Two solar-powered street lights have been installed at Dubai Internet City to demonstrate how the city can make better use of one of its greatest natural assets: year-long sunshine.
The lights, which store energy from the sun throughout the day, will automatically turn on at dusk and switch off again at dawn.
Prabissh Thomas, Regional Managing Director for gesolar, one of the partners in the project, said: “The UAE has the greatest potential for capitalising on solar energy because it receives a lot of sunlight.
“The most important advantage for solar street lighting is that it is financially viable particularly in areas where the cost of providing a mains supply is prohibitive.
“The solar panel is guaranteed for 20 years reducing labour costs and increasing safety.''
Ali Bin Towaih, Director of the Energy and Environment Park (Enpark), the project's other partner, said: “This pro-active demo project reflects our commitment to protecting the environment.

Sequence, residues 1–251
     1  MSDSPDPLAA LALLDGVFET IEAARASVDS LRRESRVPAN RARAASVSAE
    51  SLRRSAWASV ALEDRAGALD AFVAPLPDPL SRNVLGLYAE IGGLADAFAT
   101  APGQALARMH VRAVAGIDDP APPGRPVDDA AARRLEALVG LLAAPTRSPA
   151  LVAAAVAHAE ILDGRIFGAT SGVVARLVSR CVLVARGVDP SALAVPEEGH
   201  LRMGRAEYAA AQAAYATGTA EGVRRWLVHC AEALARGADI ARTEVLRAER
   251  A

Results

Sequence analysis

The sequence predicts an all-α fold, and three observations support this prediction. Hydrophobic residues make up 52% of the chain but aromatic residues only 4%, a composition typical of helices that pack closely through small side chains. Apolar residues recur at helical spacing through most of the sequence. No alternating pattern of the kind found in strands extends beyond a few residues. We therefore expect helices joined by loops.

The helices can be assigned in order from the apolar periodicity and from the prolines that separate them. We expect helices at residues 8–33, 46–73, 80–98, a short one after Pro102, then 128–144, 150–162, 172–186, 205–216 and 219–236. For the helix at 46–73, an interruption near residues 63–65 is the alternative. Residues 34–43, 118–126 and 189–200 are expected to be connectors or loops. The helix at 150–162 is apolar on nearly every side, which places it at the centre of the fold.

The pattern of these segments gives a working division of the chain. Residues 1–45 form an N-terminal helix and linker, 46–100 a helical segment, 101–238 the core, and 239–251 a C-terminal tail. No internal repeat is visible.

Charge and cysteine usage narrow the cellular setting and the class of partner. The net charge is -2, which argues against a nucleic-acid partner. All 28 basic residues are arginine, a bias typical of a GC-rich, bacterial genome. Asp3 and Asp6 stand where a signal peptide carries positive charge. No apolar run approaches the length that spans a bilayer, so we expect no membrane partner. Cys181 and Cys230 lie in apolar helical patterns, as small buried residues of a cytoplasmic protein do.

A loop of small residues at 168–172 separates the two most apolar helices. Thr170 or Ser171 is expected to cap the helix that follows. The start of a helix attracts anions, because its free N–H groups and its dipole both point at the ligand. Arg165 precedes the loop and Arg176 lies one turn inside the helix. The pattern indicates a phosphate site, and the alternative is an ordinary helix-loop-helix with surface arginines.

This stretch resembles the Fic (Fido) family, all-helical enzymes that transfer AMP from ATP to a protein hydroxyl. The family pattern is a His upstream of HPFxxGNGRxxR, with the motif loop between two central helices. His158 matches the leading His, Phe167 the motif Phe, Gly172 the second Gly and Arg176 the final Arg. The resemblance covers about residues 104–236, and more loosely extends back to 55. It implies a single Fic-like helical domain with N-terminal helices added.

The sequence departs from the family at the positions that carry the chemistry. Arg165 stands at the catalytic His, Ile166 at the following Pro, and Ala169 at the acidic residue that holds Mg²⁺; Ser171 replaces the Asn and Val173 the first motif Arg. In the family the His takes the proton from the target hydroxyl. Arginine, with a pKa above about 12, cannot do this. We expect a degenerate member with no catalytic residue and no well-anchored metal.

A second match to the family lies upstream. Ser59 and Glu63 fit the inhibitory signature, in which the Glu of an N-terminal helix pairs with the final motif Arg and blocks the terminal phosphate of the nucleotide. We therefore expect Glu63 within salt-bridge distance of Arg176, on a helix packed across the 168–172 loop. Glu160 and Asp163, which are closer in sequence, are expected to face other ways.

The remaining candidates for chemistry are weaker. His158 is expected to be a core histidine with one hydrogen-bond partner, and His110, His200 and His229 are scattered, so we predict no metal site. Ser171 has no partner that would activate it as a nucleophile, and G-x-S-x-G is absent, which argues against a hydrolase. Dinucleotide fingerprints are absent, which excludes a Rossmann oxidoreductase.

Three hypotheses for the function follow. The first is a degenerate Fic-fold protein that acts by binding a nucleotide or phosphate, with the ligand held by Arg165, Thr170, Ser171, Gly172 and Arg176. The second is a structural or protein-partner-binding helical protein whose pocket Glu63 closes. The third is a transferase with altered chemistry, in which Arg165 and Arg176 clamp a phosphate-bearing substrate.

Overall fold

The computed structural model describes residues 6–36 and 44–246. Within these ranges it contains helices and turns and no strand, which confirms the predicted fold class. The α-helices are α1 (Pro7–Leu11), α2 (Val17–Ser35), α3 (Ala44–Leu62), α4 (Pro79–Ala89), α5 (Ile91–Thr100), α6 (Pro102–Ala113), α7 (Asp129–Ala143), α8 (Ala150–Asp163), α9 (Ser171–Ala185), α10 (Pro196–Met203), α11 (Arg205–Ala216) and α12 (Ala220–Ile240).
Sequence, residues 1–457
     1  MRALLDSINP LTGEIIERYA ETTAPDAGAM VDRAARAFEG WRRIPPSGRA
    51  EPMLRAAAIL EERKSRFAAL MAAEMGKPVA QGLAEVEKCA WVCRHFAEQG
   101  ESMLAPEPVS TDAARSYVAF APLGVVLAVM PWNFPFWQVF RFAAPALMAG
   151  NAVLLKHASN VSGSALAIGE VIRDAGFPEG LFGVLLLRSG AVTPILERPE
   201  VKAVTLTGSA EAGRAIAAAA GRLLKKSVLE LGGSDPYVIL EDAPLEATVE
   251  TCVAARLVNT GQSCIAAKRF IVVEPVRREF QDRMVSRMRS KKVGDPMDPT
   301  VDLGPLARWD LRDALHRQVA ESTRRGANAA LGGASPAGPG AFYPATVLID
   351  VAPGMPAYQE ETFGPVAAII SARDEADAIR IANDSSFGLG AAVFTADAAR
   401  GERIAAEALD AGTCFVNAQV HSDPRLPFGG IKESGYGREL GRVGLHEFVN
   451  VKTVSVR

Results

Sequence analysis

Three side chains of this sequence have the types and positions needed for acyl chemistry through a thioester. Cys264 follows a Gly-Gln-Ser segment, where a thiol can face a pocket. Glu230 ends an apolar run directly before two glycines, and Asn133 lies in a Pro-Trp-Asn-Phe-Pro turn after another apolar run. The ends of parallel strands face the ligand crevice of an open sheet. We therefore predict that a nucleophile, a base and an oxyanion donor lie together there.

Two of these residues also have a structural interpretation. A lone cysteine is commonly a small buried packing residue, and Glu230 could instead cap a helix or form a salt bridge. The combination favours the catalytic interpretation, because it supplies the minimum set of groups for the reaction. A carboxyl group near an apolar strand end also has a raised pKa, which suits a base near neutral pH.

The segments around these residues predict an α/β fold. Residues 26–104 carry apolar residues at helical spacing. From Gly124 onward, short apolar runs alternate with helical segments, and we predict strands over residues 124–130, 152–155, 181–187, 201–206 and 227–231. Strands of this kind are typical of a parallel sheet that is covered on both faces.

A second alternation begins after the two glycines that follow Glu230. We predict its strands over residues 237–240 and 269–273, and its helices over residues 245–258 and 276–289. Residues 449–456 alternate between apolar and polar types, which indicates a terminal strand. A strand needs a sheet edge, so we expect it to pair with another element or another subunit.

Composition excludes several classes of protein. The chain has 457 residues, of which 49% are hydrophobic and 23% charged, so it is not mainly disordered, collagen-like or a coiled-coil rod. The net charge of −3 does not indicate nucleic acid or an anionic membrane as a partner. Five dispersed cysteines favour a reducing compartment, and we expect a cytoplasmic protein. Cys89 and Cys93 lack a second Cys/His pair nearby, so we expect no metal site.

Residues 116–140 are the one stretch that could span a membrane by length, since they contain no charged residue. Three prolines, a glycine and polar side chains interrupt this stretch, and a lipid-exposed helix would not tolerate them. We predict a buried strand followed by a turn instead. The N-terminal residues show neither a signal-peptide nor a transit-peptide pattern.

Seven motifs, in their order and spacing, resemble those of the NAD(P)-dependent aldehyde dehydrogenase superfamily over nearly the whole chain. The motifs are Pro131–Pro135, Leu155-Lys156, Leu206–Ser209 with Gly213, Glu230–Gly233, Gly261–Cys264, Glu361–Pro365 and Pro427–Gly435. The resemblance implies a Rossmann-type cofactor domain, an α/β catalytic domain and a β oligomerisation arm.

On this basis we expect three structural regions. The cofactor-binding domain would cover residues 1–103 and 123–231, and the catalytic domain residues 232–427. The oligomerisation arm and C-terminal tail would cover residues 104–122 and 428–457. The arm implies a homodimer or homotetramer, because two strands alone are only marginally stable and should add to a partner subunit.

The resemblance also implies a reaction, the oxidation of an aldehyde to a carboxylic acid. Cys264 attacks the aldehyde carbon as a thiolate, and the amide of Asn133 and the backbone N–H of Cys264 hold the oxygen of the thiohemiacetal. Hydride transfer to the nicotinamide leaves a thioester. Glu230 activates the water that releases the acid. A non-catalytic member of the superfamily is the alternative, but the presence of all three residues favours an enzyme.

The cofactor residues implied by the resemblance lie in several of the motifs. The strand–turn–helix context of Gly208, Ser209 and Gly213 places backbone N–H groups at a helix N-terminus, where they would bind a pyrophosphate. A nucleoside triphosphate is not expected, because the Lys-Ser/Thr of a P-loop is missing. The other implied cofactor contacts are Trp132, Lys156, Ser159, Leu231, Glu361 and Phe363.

“Amidst escalating global environmental challenges, we are looking towards solar powered solutions for its obvious eco-benefits, including producing pollution-free energy and reducing energy costs.
“We are confident our initiative will encourage a wider adoption of solar-powered technology based solutions in Dubai.''
According to the Energy Information Administration, the data arm of the US Department of Energy, worldwide consumption of renewable energy will almost double by 2030. The Middle East is set to see a dramatic increase in the annual average renewable power generation capacity, more than 2.5 times the global average.
A recent report by Greenpeace, the European Solar Thermal Power Industry Association and the International Energy Agency's SolarPACES programme, said that by 2025 the industry will attract nearly $20 billion (Dh73 billion) investment a year, employ 54,000 people, and would have avoided the emission of 362 million tonnes of carbon into the atmosphere.